In Washington state, firefighters faced extreme heat and high winds as they battled large blazes and numerous smaller fires. Officials feared lightning storms could make the situation worse.

Hundreds of people were evacuating from the central Washington city of Chelan as lightning-sparked wildfires advanced. Flames and smoke were visible from downtown. Elsewhere, an uncontained blaze near Cougar Creek had burned 28 square miles near the Yakima Indian reservation. The state requested help from the national guard to fight that fire.

Also, a wildfire in a rugged area near the Canadian border chased hundreds of people from their homes and burned 10 to 12 structures, and a blaze northeast of Colville scorched almost five square miles and forced evacuations at campgrounds in the area.

Hot, dry weather also helped ignite dozens of new wildfires across the northern Rockies, where lightning and strong winds were expected make things worse, officials said.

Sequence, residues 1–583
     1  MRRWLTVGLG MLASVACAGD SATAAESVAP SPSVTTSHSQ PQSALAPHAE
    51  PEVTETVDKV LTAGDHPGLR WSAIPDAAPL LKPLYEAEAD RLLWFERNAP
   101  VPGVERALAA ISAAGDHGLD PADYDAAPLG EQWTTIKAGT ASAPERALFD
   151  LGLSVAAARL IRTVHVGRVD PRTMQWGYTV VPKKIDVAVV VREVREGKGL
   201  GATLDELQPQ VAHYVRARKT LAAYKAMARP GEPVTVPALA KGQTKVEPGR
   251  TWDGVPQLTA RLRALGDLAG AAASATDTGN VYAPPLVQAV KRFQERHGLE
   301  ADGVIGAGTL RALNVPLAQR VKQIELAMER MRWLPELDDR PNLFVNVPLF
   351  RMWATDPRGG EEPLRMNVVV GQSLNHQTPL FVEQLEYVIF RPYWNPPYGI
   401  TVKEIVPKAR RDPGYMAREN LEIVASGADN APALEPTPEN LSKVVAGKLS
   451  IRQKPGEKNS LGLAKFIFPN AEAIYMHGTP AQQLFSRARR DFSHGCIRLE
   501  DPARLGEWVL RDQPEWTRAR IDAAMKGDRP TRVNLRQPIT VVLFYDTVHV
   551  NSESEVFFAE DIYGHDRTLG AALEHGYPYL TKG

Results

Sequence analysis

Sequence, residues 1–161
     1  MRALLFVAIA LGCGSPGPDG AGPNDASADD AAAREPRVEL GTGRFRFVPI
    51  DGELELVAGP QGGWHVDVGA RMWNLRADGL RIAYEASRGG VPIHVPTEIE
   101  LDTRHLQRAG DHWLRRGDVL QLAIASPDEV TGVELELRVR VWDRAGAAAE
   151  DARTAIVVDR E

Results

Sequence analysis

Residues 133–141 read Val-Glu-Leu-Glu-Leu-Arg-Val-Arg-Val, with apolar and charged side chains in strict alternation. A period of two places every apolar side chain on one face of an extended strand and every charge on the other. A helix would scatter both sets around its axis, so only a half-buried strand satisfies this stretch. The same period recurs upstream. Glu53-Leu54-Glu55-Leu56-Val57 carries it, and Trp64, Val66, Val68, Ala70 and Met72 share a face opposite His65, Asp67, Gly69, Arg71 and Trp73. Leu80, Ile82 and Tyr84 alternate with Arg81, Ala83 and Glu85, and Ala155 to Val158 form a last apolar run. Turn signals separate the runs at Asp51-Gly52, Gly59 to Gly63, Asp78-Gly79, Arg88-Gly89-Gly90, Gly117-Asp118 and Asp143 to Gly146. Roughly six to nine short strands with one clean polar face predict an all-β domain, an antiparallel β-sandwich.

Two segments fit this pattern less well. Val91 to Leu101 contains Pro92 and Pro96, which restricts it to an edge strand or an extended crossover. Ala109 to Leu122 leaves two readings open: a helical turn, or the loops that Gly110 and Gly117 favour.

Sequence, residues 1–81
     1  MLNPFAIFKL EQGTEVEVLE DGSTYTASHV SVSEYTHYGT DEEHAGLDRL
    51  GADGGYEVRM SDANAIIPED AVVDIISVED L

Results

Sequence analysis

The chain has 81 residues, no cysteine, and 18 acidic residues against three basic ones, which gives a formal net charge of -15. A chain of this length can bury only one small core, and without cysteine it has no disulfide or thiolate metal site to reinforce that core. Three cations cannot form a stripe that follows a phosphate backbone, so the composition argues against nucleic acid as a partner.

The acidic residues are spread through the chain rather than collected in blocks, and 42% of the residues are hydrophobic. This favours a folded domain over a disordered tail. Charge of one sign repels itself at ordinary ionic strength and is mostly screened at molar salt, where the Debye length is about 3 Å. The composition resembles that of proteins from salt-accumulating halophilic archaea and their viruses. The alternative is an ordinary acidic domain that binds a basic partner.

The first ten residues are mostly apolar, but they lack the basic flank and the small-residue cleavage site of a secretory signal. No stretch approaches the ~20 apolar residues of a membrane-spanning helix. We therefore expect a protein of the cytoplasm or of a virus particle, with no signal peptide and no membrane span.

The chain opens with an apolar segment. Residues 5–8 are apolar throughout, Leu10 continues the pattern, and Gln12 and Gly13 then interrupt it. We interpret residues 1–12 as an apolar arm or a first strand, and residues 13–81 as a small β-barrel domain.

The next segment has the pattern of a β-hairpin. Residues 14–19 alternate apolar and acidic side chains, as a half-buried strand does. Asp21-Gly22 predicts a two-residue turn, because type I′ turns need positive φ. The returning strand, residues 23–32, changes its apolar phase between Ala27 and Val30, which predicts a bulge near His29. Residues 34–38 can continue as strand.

The weather helped the largest Montana fire, in Glacier National Park, spread from just a few acres last Sunday to more than 23 square miles by Friday. It was uncontained in a remote area of the park, where it had forced some trail closures and was threatening two cabins, fire officials said.

A lightning-sparked fire in the Helena National Forest northeast of Lincoln had grown to two square miles since Monday. Its rapid growth led to the evacuation of a dozen nearby cabins, most of which are second homes.